Where all your time has gone

And by “your time,” I suspect I really mean “James Lileks’ time”:

Every day I encounter some site I like, but rarely promote to the daily bookmark. I find this interesting. Why wouldn’t I? Because it’s a peripheral interest, and I really don’t need to check up on someone’s vintage kitchen remodel for a month. If ever. So the list of secondary bookmarks grows and grows, until weeded out six months later after a cursory revisit. Each of these pages usually has a Facebook page. Never go there. Why would I?

I am something like that, though you should probably figure that if you read it here, I don’t consider that interest “peripheral.”

What I don’t like about all of this: the fragmentation of presence. If you just have Facebook, lucky you. If that’s what you want. But if you have a blog, you should tweet, and if you tweet, isn’t there a Facebook account and a Google+ account you might want to link to that? Ought not the Tumblr be chained as well, so all updates everywhere are sprayed across all possible platforms?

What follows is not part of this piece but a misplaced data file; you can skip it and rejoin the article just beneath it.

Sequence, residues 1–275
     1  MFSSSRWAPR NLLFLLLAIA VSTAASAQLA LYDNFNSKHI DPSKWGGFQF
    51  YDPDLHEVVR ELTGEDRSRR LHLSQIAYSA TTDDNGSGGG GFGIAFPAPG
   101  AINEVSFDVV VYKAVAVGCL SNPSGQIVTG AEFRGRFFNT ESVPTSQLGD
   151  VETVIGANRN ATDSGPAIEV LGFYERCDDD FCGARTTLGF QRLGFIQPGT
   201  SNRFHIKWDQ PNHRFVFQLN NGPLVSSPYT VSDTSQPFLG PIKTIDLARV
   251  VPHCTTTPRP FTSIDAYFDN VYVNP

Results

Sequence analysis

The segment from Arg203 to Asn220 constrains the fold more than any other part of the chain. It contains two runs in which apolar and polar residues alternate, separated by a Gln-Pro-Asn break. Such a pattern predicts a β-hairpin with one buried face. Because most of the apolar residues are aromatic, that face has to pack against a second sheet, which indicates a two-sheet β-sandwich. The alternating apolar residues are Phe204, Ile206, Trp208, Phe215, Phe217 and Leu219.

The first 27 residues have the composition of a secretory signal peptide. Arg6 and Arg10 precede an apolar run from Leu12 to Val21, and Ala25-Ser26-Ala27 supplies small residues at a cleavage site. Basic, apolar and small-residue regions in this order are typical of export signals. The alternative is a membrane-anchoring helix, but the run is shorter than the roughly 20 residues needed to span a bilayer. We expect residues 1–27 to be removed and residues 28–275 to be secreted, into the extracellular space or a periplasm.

Short answer: no. Slightly longer answer: there are different audiences, at least in my case, for each of these platforms. (I don’t have a presence on Tumblr.) And nothing I say is so gosh-darn important that I have to push it out to everyone who’s ever heard of me.


  1. fillyjonk »

    23 January 2013 · 11:59 am

    If I get content pushed at me too much, I begin to resent the pusher.

    There are a few businesses I’ve shopped at that REALLY need to dial back on their “Constant Contact” junk.

  2. Laura »

    26 January 2013 · 12:28 pm

    I’m not very good at social networking and one is about all I can half-ass pay attempt to. I choose Facebook only because it’s a simple app on my phone and my words aren’t limited and I can just paste memes if I want.

  3. CGHill »

    26 January 2013 · 1:55 pm

    There’s a lot to be said for not having to mess with a learning curve.

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